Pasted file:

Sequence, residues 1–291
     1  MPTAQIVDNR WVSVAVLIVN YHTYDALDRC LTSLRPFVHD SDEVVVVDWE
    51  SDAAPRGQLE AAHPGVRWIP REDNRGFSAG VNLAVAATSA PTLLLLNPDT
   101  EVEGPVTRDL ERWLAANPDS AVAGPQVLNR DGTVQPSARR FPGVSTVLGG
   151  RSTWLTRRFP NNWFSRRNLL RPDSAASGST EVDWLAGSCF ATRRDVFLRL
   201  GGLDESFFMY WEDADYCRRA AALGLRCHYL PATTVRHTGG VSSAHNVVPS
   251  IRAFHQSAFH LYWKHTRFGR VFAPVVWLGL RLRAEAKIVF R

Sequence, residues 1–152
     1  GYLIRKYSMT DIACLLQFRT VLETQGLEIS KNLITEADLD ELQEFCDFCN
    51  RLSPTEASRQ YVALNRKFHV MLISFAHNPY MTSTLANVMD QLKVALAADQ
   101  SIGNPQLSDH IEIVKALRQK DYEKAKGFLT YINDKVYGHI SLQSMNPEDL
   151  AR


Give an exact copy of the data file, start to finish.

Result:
Sequence, residues 1–291
     1  MPTAQIVDNR WVSVAVLIVN YHTYDALDRC LTSLRPFVHD SDEVVVVDWE
    51  SDAAPRGQLE AAHPGVRWIP REDNRGFSAG VNLAVAATSA PTLLLLNPDT
   101  EVEGPVTRDL ERWLAANPDS AVAGPQVLNR DGTVQPSARR FPGVSTVLGG
   151  RSTWLTRRFP NNWFSRRNLL RPDSAASGST EVDWLAGSCF ATRRDVFLRL
   201  GGLDESFFMY WEDADYCRRA AALGLRCHYL PATTVRHTGG VSSAHNVVPS
   251  IRAFHQSAFH LYWKHTRFGR VFAPVVWLGL RLRAEAKIVF R

Sequence, residues 1–152
     1  GYLIRKYSMT DIACLLQFRT VLETQGLEIS KNLITEADLD ELQEFCDFCN
    51  RLSPTEASRQ YVALNRKFHV MLISFAHNPY MTSTLANVMD QLKVALAADQ
   101  SIGNPQLSDH IEIVKALRQK DYEKAKGFLT YINDKVYGHI SLQSMNPEDL
   151  AR